Thursday 10 May 2018

How To Reduce Condensation

With improvements in modern living conditions, condensation is becoming a more common problem. Condensation occurs when saturated air, which is holding a lot of moisture, comes into contact with a surface that has a lower temperature. With windows this occurs when the outside temperature is a lot lower than the room temperature.

There are several things can increase the moisture level of air inside a property. Some examples include, cooking, washing up, bathing and even breathing. All these things occur in every home across the country, so how do you reduce the levels of condensation on your windows?


By draught proofing windows and doors, the ventilation of the windows is reduced. This leads to higher levels of water vapor in the air. Ventilation can be improved by using extractor fans, installing trickle vents or by opening your windows for a few minutes each day.

Double Glazing

In a room that is kept to a warm temperature, installing double glazing can help reduce condensation by working as an insulator to maintain a higher surface temperature of the glass on the room side.

The Location of the Condensation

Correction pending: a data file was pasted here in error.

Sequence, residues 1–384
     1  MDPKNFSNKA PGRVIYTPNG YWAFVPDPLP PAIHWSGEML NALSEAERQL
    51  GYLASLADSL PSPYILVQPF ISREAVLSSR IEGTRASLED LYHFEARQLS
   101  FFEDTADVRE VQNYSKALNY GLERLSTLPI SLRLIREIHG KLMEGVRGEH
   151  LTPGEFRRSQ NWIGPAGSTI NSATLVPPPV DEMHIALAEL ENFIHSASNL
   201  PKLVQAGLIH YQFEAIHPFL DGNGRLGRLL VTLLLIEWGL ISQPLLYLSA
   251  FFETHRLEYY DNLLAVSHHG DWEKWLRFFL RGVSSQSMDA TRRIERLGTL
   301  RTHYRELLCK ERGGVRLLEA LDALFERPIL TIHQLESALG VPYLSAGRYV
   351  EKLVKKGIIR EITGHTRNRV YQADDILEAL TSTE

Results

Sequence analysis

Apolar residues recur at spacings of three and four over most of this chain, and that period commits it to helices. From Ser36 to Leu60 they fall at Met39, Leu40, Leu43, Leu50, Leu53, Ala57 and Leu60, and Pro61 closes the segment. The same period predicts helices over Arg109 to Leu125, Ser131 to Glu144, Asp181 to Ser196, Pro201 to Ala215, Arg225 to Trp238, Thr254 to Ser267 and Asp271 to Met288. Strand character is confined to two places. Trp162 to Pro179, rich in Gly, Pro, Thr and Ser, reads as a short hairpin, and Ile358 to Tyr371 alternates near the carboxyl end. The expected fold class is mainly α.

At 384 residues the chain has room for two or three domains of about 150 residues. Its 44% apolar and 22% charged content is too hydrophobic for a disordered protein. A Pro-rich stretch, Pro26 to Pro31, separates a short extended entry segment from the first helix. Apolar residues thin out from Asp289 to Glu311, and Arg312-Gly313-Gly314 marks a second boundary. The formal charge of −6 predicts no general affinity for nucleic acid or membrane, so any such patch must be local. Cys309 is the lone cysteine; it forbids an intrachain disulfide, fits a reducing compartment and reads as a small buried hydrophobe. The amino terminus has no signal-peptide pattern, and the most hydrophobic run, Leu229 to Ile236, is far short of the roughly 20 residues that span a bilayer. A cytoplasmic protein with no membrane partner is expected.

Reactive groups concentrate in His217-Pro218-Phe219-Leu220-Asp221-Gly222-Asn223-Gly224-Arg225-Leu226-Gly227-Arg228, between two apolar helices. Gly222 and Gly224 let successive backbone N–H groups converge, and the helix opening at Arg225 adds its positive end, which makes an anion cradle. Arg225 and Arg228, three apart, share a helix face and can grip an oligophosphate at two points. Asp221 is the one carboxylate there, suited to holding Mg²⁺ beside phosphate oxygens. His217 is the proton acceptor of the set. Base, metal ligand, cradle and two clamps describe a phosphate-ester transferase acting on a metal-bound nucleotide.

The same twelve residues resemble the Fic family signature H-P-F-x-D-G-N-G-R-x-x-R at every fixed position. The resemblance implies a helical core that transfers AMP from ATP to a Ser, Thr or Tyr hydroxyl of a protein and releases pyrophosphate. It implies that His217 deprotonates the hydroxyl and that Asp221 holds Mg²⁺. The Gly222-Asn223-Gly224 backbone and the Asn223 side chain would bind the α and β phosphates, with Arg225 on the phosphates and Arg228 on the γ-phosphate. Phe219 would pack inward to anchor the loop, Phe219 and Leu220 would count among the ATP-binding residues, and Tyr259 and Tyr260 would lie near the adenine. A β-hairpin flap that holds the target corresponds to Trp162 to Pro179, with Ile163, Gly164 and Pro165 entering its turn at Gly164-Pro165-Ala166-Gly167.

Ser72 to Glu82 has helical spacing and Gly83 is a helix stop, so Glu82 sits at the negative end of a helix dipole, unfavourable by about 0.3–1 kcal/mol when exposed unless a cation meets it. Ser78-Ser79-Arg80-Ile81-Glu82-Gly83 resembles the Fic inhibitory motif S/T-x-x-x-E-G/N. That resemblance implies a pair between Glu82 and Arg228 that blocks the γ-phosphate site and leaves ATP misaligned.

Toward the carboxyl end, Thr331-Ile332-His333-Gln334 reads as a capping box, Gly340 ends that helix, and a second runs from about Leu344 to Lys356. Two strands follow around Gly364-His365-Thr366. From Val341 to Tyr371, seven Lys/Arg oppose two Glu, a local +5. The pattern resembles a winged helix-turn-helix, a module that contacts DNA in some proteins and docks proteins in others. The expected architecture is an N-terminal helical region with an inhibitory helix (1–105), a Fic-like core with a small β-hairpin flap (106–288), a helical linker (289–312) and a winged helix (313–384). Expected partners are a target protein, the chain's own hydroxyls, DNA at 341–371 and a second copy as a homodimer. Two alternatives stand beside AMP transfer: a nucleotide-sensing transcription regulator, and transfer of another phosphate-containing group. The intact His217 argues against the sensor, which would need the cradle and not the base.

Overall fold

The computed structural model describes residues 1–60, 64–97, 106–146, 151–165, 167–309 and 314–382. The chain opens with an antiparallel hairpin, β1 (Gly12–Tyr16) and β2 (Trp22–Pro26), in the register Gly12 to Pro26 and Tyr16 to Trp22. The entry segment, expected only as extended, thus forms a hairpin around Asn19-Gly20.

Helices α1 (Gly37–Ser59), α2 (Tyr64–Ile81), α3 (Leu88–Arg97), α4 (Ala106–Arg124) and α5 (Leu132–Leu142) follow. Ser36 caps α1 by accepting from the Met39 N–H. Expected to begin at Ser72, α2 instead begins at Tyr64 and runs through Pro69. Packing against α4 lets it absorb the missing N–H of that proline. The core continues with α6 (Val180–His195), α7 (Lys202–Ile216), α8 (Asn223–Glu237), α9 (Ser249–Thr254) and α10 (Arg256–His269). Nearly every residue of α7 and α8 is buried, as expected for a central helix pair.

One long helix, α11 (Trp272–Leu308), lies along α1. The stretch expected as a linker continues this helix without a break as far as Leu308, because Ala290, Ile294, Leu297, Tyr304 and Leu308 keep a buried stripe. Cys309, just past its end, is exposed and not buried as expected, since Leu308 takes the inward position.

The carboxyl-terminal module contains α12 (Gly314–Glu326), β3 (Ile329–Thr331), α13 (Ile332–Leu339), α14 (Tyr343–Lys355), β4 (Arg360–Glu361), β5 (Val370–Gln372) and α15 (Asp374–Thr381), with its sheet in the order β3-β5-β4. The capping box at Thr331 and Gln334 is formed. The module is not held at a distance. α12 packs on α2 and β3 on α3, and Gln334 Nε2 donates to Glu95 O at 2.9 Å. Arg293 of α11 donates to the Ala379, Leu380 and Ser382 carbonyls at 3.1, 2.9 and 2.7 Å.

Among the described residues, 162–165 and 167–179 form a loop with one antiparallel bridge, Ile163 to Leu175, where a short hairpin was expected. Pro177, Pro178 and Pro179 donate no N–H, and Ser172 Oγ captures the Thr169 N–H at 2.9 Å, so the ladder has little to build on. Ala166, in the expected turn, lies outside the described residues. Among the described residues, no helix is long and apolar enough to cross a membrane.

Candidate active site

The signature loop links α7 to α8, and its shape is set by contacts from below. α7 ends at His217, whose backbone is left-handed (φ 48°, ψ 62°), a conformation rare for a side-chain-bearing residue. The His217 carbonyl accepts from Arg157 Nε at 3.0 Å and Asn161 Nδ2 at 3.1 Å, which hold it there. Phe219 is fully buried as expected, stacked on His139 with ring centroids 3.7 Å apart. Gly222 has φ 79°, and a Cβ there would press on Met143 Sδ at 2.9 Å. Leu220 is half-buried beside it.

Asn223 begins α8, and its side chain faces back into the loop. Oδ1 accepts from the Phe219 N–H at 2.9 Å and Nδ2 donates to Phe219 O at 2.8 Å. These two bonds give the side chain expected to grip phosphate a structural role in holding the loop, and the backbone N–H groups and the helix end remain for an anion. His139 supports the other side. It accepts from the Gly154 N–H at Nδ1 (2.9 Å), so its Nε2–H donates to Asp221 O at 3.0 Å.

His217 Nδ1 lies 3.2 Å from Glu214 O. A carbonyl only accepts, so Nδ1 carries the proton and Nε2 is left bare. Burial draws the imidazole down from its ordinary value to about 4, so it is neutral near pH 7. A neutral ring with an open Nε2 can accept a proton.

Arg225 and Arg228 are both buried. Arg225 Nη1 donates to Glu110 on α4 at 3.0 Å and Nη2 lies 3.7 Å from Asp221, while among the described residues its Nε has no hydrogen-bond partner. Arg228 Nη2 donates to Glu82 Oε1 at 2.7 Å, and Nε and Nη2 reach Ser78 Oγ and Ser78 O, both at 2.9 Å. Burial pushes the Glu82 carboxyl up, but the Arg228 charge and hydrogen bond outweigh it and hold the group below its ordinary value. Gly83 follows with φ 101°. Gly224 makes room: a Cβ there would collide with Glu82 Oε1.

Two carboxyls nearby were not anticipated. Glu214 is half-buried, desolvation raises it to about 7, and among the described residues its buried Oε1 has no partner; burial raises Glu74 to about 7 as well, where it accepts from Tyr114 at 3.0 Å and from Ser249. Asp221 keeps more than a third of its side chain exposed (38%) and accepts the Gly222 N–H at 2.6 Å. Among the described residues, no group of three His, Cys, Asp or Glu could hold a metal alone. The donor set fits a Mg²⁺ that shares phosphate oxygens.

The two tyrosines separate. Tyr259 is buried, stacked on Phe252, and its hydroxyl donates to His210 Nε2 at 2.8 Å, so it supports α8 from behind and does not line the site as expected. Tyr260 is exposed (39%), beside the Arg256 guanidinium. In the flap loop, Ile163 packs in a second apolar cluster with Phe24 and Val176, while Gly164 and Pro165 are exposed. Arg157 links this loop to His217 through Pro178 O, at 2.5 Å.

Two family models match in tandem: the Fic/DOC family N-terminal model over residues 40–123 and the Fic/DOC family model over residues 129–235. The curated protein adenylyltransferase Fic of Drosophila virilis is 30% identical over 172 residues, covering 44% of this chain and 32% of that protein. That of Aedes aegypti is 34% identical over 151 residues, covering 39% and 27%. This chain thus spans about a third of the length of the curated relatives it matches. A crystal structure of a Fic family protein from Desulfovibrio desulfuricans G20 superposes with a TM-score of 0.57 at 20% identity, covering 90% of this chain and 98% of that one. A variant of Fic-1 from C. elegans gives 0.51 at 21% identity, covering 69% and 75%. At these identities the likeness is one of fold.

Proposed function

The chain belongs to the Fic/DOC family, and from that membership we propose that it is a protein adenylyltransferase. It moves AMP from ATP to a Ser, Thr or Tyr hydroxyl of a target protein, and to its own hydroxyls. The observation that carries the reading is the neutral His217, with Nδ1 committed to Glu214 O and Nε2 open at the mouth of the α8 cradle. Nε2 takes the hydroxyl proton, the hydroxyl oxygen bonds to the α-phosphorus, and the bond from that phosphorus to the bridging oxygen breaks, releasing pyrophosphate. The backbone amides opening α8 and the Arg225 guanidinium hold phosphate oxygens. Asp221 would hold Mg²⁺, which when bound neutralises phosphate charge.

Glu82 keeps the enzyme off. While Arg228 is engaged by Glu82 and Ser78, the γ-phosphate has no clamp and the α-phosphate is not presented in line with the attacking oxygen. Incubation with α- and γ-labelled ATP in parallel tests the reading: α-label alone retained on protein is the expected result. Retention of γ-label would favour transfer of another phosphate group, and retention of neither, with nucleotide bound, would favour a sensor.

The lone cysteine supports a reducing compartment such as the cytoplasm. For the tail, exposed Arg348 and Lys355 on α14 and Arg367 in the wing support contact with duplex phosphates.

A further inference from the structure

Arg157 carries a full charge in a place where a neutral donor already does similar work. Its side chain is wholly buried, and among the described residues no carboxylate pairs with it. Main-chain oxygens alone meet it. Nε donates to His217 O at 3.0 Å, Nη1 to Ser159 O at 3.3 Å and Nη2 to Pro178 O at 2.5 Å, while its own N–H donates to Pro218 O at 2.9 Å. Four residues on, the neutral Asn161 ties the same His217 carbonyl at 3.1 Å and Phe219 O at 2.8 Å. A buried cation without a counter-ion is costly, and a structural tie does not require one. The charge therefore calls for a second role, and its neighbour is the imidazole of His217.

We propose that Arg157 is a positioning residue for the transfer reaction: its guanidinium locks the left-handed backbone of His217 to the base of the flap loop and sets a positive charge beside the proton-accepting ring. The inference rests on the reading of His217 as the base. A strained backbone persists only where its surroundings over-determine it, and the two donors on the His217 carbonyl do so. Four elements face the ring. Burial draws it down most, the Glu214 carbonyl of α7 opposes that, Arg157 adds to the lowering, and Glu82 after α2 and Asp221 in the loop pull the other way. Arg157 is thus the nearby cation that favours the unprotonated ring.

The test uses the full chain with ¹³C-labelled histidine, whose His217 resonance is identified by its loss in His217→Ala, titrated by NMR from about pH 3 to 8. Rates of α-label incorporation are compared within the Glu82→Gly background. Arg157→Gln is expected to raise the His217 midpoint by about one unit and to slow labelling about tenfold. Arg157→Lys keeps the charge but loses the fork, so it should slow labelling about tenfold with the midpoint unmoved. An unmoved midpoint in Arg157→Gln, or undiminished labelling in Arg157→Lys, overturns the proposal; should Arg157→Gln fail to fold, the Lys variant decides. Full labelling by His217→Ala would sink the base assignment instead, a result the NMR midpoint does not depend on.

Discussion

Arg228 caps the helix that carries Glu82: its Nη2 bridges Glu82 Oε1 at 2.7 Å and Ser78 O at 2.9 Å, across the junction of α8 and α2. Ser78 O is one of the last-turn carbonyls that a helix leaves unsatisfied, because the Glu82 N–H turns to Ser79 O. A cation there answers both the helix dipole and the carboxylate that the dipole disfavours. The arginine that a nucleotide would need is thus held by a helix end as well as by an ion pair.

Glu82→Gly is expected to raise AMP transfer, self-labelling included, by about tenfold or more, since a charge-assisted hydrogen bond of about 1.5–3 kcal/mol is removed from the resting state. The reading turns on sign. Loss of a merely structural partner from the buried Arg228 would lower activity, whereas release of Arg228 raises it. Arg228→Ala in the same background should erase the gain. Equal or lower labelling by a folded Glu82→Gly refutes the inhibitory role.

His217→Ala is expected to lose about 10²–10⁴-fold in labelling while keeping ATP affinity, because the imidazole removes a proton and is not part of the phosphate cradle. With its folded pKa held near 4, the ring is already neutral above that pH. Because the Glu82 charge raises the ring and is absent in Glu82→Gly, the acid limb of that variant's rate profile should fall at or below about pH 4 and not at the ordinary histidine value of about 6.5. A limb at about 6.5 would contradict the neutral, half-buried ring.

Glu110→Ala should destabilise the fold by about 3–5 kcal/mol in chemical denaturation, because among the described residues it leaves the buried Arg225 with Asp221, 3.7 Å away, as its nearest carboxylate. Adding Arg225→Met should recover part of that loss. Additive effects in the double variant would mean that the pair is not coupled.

The location of the condensation on the glass can often help identify the source of the problem.

If the condensation is on the room side of the inner glass the temperature of the glass surface is too low for the water content. To solve this the room should be regularly ventilated and kept warm in colder weather. Wherever practicable, radiators should be installed under windows to maintain the temperature of the inner glass.

However, if the condensation has appeared in-between the two panes of glass in an airtight sealed double glazed unit, the seal will have failed.

Condensation on the outside of the outer glass is normal and is not something to worry about.

Condensation in Period Properties

Houses which have been completely sealed by the installation of cavity wall insulation, loft insulation, double glazing and draught proofing are likely to become moisture traps. In these cases, condensation is likely to be a ventilation issue. Provided the rooms are heated, the solution will often be found by providing controlled ventilation.

In the case of the older buildings which have not been draught proofed, the main reason for condensation is likely to be the indoor temperature. Increasing the warmth in the room or introducing localised heat near the windows will often resolve the problem.

Casement Window with trickle vents

Open sash window

Bathroom Timber Windows